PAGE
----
Ocean City's Emergency Services Department Train for Disaster
OCEAN CITY, Md. – It was a simulated disaster, but the ominous words were still ones that no one wanted to hear.
"There has been an explosion at the coast guard station in Ocean City," said Lisa Dennis of Ocean City's Joint Information Team. "There are multiple victims and the Route 50 Bridge has been closed."
Dennis was the acting public information officer for Ocean City's emergency response exercise held Saturday morning.
"We designed the exercise around a sea burn event and a haz mat spill," said Joseph Theobald, Director of Ocean City's Emergency Services Department.
Crews from Salisbury, the Maryland State Police and the Coast Guard responded to a simulated bomb threat and explosion, leaving a number of people in need of medical attention, and a "suspect" on the loose.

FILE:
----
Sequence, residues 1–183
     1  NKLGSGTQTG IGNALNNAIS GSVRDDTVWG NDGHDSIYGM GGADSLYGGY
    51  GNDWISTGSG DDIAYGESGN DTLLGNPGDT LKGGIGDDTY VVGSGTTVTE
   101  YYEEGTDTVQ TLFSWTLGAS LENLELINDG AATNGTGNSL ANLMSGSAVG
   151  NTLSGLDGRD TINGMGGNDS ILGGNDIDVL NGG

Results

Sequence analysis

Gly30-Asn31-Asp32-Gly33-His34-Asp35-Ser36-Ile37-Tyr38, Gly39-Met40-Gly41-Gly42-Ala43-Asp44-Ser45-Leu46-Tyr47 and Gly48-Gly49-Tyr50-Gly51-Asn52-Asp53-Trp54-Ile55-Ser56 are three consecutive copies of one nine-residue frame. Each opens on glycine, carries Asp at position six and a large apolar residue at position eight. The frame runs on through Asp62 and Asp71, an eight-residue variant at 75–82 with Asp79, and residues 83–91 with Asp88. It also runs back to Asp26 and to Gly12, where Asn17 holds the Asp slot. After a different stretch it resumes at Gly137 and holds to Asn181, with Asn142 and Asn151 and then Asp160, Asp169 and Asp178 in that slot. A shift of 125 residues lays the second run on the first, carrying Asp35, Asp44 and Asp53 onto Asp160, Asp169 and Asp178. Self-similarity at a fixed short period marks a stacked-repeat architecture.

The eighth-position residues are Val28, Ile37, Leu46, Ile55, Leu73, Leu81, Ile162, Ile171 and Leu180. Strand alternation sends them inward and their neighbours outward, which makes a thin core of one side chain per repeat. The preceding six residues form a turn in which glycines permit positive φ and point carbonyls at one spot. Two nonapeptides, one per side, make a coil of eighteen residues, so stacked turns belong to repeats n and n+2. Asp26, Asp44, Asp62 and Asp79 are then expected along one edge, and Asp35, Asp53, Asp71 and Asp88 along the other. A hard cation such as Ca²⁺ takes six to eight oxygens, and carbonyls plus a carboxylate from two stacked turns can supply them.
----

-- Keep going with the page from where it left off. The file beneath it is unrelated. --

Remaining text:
A triage unit was created in a nearby parking lot, where gracious volunteers were bound to body boards, wrapped up and rinsed of "hazardous material."
After the victims were rescued and treatment began, the area quickly went from triage to crime scene.
The simulated explosion left gallons of fuel in the bay - represented by bags of pet wood chips - and a potential natural disaster on hand.
Coast Guard crews worked to isolate the spill, and search for answers on who could be responsible.
"You operate how you train," Theobald said. "And we take training and exercise very seriously in Ocean City."
The training was part of a federal requirement that must take place at least every five years. The last was in 2007 at the Ocean City Airport.
While there was no need for a full-scale response to a tragedy and search for suspects Saturday, the outcome of this dress rehearsal was just as important as a real event.
"I think this was very successful today. We were very happy and the town should be very happy," Theobald said. "We're ready for just about anything."
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